Migrating to Ngarrgu Tindebeek¶
This page contains information that is very important for users of the original OzSTAR cluster. Please read it carefully.
The Ngarrgu Tindebeek (NT) nodes (the "milan" partition, with nodes
gina), along with the internet-connected Trevor nodes (
trevor) run the AlmaLinux 9 operating system (functionally identical to RHEL9). These nodes also have access to a new and improved set of modules.
In contrast, the OzSTAR nodes (the "skylake" partition, with nodes
bryan) and data-mover nodes ("datamover" partition, with nodes
data-mover) currently run the CentOS 7 operating system (functionally identical to RHEL7) and have access to the old set of modules.
Upcoming reboot of OzSTAR nodes¶
On 26 September 2023, the OzSTAR nodes will be rebooted and upgraded to a RHEL9 equivalent. This will bring them in line with the NT nodes, streamlining support, maintenance, and security updates. The OzSTAR nodes will be unavailable for a few days during this time. This upgrade will enable them to access the new set of modules.
Although the set of modules will appear to be the same on the OzSTAR, NT, and Trevor nodes, the underlying software will be different because each of these clusters have a different CPU architecture. It also means that you will need to recompile your code for each cluster, even if you are using the same modules/compilers.
All workflows that currently use the OzSTAR nodes will stop working if they rely on the old set of modules or libraries in the operating system (99% of workflows). To minimise disruption, we recommend that you migrate your workflows to the NT nodes as soon as possible. This will give you time to test your workflows and make sure that they work on the new cluster before the OzSTAR cluster's operating system is upgraded.
Once the OzSTAR nodes are upgraded, you will be easily able to port your NT workflows to the OzSTAR nodes because the modules and system libraries will be nearly identical, noting that a recompile is still necessary (i.e. you will not be able to run a binary that was compiled on NT on OzSTAR). We expect, however, that most users will just prefer to stay on the NT nodes because they are newer, faster, and nearly 3x as many CPU cores. The main reason for migrating back onto the upgraded OzSTAR nodes is to take advantage of the additional CPU cores.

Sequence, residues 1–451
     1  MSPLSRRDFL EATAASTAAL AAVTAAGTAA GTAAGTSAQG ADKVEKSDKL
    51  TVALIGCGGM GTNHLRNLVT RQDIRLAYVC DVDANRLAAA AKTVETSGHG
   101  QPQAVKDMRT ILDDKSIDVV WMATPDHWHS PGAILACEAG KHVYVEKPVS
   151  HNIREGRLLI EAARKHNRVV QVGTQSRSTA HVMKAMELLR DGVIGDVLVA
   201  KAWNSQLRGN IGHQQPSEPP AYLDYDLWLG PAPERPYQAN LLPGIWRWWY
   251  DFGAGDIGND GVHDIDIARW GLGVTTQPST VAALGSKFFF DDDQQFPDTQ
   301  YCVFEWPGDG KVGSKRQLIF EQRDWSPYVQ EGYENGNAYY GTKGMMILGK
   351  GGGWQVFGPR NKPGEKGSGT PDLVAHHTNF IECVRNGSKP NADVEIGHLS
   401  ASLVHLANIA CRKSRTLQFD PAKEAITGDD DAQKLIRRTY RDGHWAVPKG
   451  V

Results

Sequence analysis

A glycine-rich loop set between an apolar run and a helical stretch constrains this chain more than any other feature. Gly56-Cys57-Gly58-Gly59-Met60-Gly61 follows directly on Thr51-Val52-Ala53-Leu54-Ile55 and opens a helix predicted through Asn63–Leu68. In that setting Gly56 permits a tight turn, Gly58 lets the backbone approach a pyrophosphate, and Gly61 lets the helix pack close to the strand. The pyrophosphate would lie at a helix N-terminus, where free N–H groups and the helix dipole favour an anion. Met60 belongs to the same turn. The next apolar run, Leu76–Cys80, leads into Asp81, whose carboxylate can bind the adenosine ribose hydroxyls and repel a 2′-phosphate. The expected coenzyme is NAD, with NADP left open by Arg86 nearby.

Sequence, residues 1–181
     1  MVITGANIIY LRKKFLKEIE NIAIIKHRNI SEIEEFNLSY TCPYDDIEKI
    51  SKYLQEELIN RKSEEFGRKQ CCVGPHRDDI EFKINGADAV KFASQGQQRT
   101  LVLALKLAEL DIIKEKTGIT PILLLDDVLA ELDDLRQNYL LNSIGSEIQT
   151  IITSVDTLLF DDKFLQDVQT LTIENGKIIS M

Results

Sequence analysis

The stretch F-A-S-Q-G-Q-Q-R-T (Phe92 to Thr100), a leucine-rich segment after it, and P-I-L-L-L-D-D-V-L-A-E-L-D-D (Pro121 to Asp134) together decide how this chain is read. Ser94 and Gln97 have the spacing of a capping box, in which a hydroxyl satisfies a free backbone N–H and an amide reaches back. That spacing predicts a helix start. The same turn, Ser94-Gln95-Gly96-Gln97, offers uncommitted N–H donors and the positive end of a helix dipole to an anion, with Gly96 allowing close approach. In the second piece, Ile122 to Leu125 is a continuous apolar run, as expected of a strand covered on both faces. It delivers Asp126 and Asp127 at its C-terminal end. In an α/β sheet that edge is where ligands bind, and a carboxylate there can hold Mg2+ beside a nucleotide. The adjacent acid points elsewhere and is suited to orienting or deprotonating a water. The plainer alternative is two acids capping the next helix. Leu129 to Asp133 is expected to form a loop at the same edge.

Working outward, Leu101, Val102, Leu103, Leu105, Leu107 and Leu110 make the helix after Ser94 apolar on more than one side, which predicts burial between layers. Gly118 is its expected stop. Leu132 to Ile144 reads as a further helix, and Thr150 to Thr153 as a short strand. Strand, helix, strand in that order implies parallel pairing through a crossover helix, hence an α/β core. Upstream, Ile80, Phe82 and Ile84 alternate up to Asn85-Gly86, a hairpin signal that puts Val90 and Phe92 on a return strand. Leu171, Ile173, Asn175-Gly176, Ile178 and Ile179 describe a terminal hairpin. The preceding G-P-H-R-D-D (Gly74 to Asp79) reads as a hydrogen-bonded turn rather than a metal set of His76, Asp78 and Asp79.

In general, Python environments created on one cluster will not work on the other cluster. This is because packages may be built specifically for one architecture. For example, if you create a Python environment on the NT nodes, it will not work on the OzSTAR nodes. The same is true in reverse. To migrate your existing Python environments from OzSTAR to NT, you will need to recreate them on the NT nodes.
If you are using Python virtual environments, first activate the environment on the OzSTAR nodes, then run the following command to export the environment to a file:
pip freeze > requirements.txt
Then, on the NT nodes, create a new virtual environment on NT and install the packages from the file:
pip install -r requirements.txt
If you are using conda environments, first activate the environment on the OzSTAR nodes, then run the following command to export the environment to a file:
conda env export > environment.yml
Then, on the NT nodes, create a new conda environment and install the packages from the file:
conda env create -f environment.yml
Jobs will be queued onto the cluster from which you are submitting the job (i.e. where you are running
|Submit node||Job queued to cluster|
Although Slurm allows you to specify the partition from within the batch script, we recommend that you do not do this. Instead, you should submit your jobs from the appropriate submit node. This will ensure that your jobs are queued to the correct cluster. The names of partitions may change at any time.